Student Spotlight: Spring 2018 NITC Dissertation Fellows

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The National Institute for Transportation and Communities (NITC) is proud to announce our two Spring 2018 Dissertation Fellows. Hear from the fellows about their projects below, or learn how to apply for funding through the NITC Dissertation Fellowship Grant hereProposals for Summer 2018 Dissertation Fellowships are due June 1, 2018.

Vivian Miller, University of Texas at Arlington

In November 2018, Vivian Miller published Investigating Barriers to Family Visitation of Nursing Home Residents: A Systematic Review, a paper based on her NITC-funded dissertation, in the Journal of Gerontological Social Work.

Vivian Miller is a third-year doctoral candidate in the School of Social Work at the University of Texas at Arlington. Her primary research interests are in gerontology, quality-of-life, and mental well-being among older adults through inter-professional and transdisciplinary efforts.

Her dissertation, "Transportation, Social Support by Family Visitation, and Depression of Older Adult Nursing Home Residents: A Mixed-Methods Study," will use a sequential mixed-methodological design to gather information from residents of nursing homes and their family members to measure the impact transportation system outcomes have on institutionalized older adults’ mental health.

What made you decide to attend the University of Texas at Arlington?

I decided to attend the University of Texas at Arlington primarily because of the reputability, high research activity, and motivation of the faculty members, especially those whose research interests aligned with mine (gerontological social work). The School of Social Work provides students with incredible opportunities to take part in innovative and ground-breaking projects, such as collaborative projects between the School of Social Work and the Department of Civil Engineering, which has ultimately led me to this stage of my dissertation research.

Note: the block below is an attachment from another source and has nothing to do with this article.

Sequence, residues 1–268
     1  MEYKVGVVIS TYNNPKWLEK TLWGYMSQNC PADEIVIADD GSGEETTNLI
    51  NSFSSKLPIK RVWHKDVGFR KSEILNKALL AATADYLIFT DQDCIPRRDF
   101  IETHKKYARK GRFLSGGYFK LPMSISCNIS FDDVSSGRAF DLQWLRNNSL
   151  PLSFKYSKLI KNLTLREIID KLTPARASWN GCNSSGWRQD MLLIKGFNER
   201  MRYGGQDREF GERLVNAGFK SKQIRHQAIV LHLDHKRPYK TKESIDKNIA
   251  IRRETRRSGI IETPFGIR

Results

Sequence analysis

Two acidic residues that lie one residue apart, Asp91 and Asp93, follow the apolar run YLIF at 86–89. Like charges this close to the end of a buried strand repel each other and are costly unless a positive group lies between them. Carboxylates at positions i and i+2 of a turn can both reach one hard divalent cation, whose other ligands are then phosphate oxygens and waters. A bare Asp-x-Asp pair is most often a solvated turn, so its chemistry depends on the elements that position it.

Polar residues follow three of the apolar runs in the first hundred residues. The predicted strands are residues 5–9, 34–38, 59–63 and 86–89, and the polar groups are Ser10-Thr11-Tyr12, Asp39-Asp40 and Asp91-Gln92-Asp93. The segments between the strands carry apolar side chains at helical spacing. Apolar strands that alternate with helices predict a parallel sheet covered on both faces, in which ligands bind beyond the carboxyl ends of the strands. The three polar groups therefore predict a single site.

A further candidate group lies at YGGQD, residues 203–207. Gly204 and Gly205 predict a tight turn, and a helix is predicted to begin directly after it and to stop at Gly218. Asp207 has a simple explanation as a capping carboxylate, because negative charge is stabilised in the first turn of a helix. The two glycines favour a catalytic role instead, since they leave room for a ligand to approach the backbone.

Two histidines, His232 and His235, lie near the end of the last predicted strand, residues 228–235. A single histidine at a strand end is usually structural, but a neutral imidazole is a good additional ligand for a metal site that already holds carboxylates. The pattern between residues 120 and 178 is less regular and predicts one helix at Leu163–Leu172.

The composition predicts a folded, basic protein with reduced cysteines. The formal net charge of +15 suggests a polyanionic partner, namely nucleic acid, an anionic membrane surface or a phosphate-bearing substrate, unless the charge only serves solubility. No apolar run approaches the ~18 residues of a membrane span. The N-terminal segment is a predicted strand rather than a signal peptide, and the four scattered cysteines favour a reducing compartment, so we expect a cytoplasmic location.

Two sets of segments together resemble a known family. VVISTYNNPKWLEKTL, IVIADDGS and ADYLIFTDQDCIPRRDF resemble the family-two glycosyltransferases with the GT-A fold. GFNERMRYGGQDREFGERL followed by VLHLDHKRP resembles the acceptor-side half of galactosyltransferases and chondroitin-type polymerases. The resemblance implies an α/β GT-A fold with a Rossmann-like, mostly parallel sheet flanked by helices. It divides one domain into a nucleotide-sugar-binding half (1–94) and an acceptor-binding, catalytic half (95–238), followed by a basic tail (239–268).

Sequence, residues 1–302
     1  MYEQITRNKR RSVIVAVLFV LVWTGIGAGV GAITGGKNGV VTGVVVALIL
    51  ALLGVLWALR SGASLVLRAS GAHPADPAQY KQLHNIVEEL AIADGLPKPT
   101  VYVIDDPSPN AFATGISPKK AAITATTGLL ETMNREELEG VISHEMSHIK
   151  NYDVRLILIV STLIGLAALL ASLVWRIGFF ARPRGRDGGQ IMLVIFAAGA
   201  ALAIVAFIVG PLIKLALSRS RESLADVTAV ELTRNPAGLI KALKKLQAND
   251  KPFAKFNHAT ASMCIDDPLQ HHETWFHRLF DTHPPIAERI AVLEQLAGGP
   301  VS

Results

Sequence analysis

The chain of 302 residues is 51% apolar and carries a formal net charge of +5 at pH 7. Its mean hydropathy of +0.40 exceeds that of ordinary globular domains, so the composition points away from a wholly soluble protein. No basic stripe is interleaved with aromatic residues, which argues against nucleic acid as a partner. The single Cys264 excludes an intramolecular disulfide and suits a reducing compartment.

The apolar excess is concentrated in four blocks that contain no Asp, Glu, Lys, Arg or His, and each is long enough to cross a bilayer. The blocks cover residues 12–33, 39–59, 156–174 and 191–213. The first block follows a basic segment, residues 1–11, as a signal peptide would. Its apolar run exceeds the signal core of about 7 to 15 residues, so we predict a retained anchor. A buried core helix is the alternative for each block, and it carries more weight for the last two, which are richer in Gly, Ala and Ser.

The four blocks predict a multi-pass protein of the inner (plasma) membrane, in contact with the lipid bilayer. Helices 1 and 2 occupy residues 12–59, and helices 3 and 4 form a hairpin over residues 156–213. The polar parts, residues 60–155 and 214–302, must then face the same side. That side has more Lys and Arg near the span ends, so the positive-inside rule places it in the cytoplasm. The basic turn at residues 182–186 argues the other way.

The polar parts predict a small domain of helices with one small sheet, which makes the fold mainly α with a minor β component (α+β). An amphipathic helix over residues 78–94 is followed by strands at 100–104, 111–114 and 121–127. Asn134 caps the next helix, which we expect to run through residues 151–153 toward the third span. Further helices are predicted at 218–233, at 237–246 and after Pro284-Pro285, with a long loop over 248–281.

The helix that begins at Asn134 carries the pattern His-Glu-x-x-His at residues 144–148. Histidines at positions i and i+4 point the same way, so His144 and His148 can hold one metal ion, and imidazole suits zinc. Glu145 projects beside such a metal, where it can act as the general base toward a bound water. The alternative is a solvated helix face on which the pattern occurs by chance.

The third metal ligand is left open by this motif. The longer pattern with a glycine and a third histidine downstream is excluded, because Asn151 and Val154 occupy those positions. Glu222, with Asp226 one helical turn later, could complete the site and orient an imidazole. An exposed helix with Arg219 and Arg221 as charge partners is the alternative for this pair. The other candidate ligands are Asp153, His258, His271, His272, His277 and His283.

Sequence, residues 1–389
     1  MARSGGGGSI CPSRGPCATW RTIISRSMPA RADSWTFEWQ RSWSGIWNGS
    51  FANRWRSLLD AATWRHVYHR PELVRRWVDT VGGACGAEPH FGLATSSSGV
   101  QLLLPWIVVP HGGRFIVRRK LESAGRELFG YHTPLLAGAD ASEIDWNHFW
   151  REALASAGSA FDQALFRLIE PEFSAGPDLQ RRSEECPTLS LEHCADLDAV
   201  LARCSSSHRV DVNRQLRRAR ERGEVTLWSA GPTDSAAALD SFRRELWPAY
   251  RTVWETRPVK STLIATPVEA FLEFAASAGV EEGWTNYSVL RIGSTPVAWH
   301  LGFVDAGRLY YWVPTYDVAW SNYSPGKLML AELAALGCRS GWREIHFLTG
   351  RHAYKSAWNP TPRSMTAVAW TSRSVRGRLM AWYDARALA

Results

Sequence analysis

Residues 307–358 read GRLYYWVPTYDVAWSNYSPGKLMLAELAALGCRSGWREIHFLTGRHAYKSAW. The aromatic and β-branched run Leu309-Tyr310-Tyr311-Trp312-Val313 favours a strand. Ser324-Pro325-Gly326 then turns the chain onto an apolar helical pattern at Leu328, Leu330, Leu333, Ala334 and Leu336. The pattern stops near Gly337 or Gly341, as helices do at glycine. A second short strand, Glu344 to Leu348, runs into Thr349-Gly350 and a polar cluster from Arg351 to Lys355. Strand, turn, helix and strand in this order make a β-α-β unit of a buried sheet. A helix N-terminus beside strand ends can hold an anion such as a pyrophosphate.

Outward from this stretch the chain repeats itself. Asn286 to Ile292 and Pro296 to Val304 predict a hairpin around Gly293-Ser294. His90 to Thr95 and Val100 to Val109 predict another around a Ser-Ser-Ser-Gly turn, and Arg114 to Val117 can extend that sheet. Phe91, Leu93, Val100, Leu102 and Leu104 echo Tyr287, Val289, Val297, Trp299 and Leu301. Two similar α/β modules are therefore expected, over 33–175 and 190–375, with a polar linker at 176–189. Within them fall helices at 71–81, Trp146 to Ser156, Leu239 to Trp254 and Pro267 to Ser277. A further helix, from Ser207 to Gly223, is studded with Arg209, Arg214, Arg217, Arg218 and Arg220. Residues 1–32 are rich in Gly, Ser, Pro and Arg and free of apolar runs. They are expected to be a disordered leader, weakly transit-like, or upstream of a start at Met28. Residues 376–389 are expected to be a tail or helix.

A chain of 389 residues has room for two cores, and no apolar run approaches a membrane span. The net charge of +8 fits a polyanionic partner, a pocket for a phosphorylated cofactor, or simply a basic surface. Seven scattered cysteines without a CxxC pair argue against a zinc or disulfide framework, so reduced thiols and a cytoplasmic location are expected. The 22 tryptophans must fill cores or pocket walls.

What are you most excited about, as you prepare to start your dissertation research? 

As I prepare to start my dissertation research, I am most excited to work one-on-one with older adults in the community through partnerships with nursing homes across North Central Texas. I am thrilled to be collecting data in the field and to then use these findings to create positive changes at the local level, and inform future research to come!\

Torrey Lyons, University of Utah

Torrey Lyons is a PhD candidate at the University of Utah and a graduate research assistant at the university's Metropolitan Research Center. He is currently working under Dr. Reid Ewing on projects that include improvements to the four step travel demand model, and growth management effectiveness, and the effects of polycentric development patterns. 

His dissertation, "Social Equity in Transit: Toward Social and Environmental Justice in Transportation," will explore social equity in transportation, testing the theory that improved transit service affects regional economies by moderating the effect of spatial mismatch on poverty and unemployment.

What made you decide to attend the University of Utah?

I came to the University of Utah for a Masters of Public Policy after having lived in Salt Lake City for four years. I moved here after college in 2009 to pursue a career in professional snowboarding. 

What are you most excited about, as you prepare to start your dissertation research? 

I am most excited about two things as I prepare to start my dissertation. First, I am eager to refine an index that I have created which I hope will be used by transit agencies to evaluate how service changes or scenarios will affect their ability to promote social equity. I think that if the index is adopted, it has the potential to help agencies understand their impact on social equity, and hopefully, in turn, improve the services that they provide to our communities. Second, I am excited to perform the qualitative component of my research. While I am very aware that this will be a great deal of work and time, I relish the thought of sitting down with transit managers to discuss how they see their roles in providing equitable transit systems.

This is an installment in a series of monthly Student Spotlights we'll be shining on students and alumni that are involved with NITC (National Institute for Transportation & Communites).

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